US Indymedia Global Indymedia Publish About us
Printed from Boston IMC :
IVAW Winter Soldier

Winter Soldier
Brad Presente

Other Local News

Spare Change News
Open Media Boston
Somerville Voices
Cradle of Liberty
The Sword and Shield

Local Radio Shows

WMBR 88.1 FM
What's Left
WEDS at 8:00 pm
Local Edition
FRI (alt) at 5:30 pm

WMFO 91.5 FM
Socialist Alternative
SUN 11:00 am

WZBC 90.3 FM
Sounds of Dissent
SAT at 11:00 am
Truth and Justice Radio
SUN at 6:00 am

Create account Log in
Comment on this article | Email this article | Printer-friendly version
News ::
19 Sep 2003

By Deirdre Griswold
Via Workers World News Service
Reprinted from the Sept. 25, 2003
issue of Workers World newspaper


By Deirdre Griswold

The profit system of capitalism has done it again. It has expanded the means of production at such a tremendous rate that millions are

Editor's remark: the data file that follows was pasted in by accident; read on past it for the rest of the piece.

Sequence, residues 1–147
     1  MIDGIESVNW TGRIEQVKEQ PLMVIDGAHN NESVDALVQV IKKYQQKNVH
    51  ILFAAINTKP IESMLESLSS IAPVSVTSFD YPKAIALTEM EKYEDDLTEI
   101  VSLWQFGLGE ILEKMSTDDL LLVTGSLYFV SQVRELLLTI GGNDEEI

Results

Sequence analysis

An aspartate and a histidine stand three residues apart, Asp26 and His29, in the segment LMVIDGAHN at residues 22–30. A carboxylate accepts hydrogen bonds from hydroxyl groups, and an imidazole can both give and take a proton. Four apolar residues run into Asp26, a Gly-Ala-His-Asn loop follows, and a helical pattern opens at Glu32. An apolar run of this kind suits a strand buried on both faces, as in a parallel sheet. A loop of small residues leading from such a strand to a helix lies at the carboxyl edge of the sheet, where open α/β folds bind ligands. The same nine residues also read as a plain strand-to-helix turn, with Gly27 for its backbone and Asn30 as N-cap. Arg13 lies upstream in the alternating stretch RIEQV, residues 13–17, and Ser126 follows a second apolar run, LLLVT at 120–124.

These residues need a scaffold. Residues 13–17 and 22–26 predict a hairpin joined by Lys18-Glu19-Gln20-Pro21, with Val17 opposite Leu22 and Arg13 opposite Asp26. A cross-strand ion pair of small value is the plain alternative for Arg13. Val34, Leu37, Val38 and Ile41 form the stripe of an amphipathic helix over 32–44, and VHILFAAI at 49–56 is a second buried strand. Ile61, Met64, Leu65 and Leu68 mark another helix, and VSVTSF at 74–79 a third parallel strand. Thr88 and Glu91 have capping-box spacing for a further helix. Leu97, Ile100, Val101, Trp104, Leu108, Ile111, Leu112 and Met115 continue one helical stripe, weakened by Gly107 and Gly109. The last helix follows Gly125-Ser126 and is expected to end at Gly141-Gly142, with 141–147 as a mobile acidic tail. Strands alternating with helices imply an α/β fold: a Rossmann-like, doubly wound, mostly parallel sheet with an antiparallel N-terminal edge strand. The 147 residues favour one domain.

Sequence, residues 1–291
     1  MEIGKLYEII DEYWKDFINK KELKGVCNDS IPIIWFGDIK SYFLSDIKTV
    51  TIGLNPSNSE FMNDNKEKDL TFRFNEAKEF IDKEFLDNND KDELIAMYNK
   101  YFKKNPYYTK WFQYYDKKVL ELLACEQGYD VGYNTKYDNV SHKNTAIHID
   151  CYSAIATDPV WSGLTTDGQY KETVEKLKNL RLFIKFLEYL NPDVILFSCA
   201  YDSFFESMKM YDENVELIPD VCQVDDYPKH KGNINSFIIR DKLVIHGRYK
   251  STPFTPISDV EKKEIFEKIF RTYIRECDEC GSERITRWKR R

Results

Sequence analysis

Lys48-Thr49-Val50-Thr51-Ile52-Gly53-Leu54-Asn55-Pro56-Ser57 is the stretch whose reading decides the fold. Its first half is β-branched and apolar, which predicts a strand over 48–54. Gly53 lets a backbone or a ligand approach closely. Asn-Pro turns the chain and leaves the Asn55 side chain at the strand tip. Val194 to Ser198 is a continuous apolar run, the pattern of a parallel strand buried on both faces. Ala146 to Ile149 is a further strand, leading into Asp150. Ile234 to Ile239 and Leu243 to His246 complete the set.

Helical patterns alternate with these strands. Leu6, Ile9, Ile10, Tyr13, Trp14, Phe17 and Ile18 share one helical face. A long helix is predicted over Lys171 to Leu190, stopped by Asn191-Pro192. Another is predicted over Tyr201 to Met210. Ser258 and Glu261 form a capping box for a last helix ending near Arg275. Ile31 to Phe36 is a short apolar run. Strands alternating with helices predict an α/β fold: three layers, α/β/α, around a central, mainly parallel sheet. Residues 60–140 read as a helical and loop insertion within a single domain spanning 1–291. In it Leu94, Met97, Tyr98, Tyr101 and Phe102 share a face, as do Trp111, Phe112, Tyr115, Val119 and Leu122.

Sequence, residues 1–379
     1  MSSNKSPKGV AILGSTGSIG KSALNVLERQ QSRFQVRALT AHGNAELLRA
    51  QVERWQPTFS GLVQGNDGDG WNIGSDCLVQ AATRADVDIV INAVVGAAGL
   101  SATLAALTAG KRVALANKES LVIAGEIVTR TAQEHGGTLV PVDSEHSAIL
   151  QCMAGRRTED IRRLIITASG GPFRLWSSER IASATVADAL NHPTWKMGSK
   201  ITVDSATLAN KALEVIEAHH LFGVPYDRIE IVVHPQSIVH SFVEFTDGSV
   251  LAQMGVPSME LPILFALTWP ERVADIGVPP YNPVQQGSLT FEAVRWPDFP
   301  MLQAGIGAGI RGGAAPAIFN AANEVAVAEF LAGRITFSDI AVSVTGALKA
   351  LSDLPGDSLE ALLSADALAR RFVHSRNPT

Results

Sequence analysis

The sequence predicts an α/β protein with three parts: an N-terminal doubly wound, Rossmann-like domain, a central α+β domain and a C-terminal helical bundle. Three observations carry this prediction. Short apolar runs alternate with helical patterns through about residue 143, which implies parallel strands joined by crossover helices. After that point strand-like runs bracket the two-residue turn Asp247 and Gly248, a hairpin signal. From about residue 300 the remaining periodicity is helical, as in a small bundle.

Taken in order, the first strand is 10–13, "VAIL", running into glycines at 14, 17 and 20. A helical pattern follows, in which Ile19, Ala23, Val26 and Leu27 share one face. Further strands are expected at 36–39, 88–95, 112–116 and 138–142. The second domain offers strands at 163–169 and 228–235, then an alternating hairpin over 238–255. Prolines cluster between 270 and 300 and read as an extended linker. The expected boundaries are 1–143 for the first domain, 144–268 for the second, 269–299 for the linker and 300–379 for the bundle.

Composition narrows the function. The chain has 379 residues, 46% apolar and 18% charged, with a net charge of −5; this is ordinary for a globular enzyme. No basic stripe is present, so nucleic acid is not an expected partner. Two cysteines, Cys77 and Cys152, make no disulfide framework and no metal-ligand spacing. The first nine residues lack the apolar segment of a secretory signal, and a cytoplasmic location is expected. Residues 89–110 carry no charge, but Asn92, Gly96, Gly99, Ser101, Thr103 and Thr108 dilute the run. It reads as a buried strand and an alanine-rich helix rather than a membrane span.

suffering extreme want.

Wait a minute. Isn't that a contradiction? Oh yes, it certainly is.
Capitalism is full of contradictions, and they are deadly.

They are most obvious at the moment in agriculture. More food being
produced on a world scale means less food for millions of farmers, who are losing their lands and their livelihood. The situation is so acute that a leader of South Korean farmers just killed himself in protest at the Cancun meeting of the World Trade Organization, which broke up in disarray when the developing nations walked out of the conference.

Lee Kyung Hae stabbed himself in the abdomen on Sept. 10 as thousands